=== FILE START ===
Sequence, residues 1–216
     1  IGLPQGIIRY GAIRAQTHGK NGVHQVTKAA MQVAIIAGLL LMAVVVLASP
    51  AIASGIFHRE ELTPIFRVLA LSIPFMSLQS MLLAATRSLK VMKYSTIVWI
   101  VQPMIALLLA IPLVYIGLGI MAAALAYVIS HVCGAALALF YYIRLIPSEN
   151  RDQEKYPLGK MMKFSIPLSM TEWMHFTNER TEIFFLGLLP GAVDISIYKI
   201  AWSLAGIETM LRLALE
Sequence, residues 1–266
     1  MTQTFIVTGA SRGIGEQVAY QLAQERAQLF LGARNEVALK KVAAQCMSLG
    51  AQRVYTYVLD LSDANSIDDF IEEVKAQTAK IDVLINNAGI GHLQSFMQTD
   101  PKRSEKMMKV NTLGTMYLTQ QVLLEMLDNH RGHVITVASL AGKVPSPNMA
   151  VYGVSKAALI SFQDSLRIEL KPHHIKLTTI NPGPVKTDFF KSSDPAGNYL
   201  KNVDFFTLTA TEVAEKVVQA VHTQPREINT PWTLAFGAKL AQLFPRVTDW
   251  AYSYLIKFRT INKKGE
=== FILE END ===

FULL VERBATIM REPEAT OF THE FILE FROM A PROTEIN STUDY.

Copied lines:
Sequence, residues 1–216
     1  IGLPQGIIRY GAIRAQTHGK NGVHQVTKAA MQVAIIAGLL LMAVVVLASP
    51  AIASGIFHRE ELTPIFRVLA LSIPFMSLQS MLLAATRSLK VMKYSTIVWI
   101  VQPMIALLLA IPLVYIGLGI MAAALAYVIS HVCGAALALF YYIRLIPSEN
   151  RDQEKYPLGK MMKFSIPLSM TEWMHFTNER TEIFFLGLLP GAVDISIYKI
   201  AWSLAGIETM LRLALE
Sequence, residues 1–266
     1  MTQTFIVTGA SRGIGEQVAY QLAQERAQLF LGARNEVALK KVAAQCMSLG
    51  AQRVYTYVLD LSDANSIDDF IEEVKAQTAK IDVLINNAGI GHLQSFMQTD
   101  PKRSEKMMKV NTLGTMYLTQ QVLLEMLDNH RGHVITVASL AGKVPSPNMA
   151  VYGVSKAALI SFQDSLRIEL KPHHIKLTTI NPGPVKTDFF KSSDPAGNYL
   201  KNVDFFTLTA TEVAEKVVQA VHTQPREINT PWTLAFGAKL AQLFPRVTDW
   251  AYSYLIKFRT INKKGE